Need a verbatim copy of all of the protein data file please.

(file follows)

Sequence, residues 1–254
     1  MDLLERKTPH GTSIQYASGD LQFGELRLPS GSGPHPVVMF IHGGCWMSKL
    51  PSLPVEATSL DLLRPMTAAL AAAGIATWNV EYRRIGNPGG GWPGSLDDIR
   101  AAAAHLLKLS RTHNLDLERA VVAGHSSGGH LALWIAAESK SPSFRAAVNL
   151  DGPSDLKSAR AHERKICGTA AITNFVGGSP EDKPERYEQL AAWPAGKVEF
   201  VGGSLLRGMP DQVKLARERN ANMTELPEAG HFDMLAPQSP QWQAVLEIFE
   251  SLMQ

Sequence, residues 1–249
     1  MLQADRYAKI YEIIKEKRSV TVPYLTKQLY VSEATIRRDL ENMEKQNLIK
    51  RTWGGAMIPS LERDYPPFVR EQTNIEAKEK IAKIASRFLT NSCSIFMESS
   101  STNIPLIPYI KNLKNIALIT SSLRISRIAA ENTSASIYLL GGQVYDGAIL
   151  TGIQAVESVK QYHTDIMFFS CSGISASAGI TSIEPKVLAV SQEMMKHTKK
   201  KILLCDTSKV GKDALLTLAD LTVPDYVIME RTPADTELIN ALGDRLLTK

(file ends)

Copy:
Sequence, residues 1–254
     1  MDLLERKTPH GTSIQYASGD LQFGELRLPS GSGPHPVVMF IHGGCWMSKL
    51  PSLPVEATSL DLLRPMTAAL AAAGIATWNV EYRRIGNPGG GWPGSLDDIR
   101  AAAAHLLKLS RTHNLDLERA VVAGHSSGGH LALWIAAESK SPSFRAAVNL
   151  DGPSDLKSAR AHERKICGTA AITNFVGGSP EDKPERYEQL AAWPAGKVEF
   201  VGGSLLRGMP DQVKLARERN ANMTELPEAG HFDMLAPQSP QWQAVLEIFE
   251  SLMQ

Sequence, residues 1–249
     1  MLQADRYAKI YEIIKEKRSV TVPYLTKQLY VSEATIRRDL ENMEKQNLIK
    51  RTWGGAMIPS LERDYPPFVR EQTNIEAKEK IAKIASRFLT NSCSIFMESS
   101  STNIPLIPYI KNLKNIALIT SSLRISRIAA ENTSASIYLL GGQVYDGAIL
   151  TGIQAVESVK QYHTDIMFFS CSGISASAGI TSIEPKVLAV SQEMMKHTKK
   201  KILLCDTSKV GKDALLTLAD LTVPDYVIME RTPADTELIN ALGDRLLTK